If everything plays out right, the Ardmore Fire Department will have a new home for one of its substations.
Fire Station No. 3 has been targeted for a new home for the past several years. Fire Chief Cary Williamson said its current home, which formerly housed Ardmore Public Works, has developed issues associated with age.
“The station is old,” Williamson said. “We moved into it back in 2001 or 2002 because our new fire trucks would not fit into our old station at Cottonwood and Commerce. We have trouble with black mold, the roof leaks and there are other structural issues.”
Williamson said two firefighters are stationed each shift at the substation, which houses a frontline engine and brush truck and a reserve engine and reserve brush truck. The issue with the substation expands beyond the facility’s problems as it covers a lot of the same area of Fire Station No. 1. Within the 1.5-mile radius, the two stations cover a lot of the same ground leaving a part of the northeast exposed. If the station were relocated further to the northeast, the fire department’s response time would equal out and possibly improve the ISO fire insurance rating for residents in that area.
“We are hoping to build a new station near the new public works building on State Highway 142,” Williamson said.
The cost of the new building would be $1.2 million and the project has the support of the commissioners, Williamson said. During the commission retreat last week, Williamson provided a presentation on the project.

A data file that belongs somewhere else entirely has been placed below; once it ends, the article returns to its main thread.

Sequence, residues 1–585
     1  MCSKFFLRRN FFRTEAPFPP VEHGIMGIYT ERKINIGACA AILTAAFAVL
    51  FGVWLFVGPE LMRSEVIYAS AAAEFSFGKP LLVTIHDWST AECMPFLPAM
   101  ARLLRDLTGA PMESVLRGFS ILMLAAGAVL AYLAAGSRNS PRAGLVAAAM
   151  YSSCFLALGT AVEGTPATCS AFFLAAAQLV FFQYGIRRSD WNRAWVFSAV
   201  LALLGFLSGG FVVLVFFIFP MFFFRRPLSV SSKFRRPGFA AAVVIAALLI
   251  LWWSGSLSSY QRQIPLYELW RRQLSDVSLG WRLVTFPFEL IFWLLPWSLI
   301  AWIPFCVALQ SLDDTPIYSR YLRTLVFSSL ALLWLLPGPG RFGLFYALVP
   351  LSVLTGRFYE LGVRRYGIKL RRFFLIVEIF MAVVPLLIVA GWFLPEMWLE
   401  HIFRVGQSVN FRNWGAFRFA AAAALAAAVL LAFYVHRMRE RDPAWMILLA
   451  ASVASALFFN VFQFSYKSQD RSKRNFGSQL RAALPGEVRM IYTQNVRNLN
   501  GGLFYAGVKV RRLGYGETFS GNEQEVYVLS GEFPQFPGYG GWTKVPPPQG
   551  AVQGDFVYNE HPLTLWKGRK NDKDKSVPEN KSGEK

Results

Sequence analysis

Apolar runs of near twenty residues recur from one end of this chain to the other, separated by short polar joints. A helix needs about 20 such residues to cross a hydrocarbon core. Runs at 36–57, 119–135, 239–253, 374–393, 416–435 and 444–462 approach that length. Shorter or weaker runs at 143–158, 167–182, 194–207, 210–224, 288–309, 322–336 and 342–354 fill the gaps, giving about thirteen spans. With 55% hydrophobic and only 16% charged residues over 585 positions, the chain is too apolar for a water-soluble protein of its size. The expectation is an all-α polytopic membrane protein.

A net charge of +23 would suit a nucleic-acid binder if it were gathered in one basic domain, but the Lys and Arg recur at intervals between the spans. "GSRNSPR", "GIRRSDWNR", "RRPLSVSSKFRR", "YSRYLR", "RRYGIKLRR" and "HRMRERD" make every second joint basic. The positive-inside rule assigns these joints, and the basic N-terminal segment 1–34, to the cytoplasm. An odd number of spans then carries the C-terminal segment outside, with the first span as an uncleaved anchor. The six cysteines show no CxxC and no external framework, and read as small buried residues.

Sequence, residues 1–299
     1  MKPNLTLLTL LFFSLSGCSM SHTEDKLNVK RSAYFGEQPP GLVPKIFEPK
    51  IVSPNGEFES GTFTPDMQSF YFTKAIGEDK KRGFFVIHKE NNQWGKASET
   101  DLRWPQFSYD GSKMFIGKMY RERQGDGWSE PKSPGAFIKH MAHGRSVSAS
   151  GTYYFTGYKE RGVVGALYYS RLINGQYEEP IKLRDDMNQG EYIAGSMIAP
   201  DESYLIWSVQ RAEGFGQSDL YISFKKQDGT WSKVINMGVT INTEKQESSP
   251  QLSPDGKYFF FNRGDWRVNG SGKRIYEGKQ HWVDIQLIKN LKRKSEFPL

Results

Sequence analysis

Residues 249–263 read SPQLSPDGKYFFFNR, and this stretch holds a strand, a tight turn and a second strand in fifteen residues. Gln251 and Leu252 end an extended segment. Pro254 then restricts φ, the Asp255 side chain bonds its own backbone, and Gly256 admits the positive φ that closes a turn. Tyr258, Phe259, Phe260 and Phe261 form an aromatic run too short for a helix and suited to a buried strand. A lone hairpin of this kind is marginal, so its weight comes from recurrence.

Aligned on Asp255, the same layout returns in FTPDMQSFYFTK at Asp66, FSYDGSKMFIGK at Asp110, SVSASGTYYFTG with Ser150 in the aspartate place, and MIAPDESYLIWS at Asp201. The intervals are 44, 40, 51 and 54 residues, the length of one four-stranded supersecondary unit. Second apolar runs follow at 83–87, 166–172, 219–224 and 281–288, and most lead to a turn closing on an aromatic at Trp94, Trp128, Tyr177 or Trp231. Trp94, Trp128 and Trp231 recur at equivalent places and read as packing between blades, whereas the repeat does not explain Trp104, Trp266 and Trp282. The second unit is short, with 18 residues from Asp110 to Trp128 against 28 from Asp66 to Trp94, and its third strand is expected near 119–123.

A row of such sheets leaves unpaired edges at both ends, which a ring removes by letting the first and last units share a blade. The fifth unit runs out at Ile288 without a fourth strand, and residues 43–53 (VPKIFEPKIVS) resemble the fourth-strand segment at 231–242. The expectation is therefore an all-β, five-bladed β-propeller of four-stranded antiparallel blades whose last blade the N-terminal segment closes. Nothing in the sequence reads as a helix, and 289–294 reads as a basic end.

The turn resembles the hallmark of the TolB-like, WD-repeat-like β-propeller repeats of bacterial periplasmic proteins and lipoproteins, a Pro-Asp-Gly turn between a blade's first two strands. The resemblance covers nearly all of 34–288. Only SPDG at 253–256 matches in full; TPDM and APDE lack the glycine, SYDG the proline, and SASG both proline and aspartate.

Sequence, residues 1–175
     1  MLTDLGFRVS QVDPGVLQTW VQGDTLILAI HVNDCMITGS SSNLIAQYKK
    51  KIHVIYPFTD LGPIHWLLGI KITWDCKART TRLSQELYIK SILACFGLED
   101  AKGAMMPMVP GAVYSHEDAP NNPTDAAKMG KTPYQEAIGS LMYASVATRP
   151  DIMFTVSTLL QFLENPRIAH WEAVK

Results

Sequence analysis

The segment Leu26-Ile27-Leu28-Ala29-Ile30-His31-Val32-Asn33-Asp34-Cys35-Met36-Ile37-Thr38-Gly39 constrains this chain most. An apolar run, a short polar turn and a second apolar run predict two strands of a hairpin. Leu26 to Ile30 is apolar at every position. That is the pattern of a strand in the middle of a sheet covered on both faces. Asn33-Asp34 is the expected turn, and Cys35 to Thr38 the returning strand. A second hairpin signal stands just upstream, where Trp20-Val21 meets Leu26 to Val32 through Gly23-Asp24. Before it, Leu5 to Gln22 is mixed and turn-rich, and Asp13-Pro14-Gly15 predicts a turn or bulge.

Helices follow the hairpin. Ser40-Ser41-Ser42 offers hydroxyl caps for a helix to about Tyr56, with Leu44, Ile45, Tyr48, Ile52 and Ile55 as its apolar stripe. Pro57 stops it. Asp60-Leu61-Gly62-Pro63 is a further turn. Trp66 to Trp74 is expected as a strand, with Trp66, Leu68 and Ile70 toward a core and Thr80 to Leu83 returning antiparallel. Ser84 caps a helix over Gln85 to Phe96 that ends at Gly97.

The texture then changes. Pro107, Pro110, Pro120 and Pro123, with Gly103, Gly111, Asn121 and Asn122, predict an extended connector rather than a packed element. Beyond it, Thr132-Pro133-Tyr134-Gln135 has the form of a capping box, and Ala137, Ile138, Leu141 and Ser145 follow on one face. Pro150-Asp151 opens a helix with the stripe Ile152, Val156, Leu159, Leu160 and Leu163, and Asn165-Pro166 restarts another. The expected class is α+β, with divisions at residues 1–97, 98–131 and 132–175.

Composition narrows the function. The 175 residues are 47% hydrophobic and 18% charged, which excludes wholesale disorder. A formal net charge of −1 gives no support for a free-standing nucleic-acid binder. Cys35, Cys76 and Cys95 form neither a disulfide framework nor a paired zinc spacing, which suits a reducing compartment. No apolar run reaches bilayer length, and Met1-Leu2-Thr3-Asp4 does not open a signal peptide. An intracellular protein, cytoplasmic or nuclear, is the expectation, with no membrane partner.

“We have been working on this for three years,” he said, “and the commission feels we need to move forward with this.”
If approved for the upcoming fiscal year, which begins July 1, the new station would feature three bays, which would be drive-through similar to that at Fire Station 1.
“Drive through minimizes the amount of backing up that we have to do,” he said.
City Manager J.D. Spohn said the proposal has merit and funding for the building would come from the GAPS Tax.
“We have been looking at this project for a long time with the structural issues of the building and problems that we have had,” Spohn said. “Relocating would better serve the citizens and now is the time to act. I think the commissioners support it and realize the need for it.”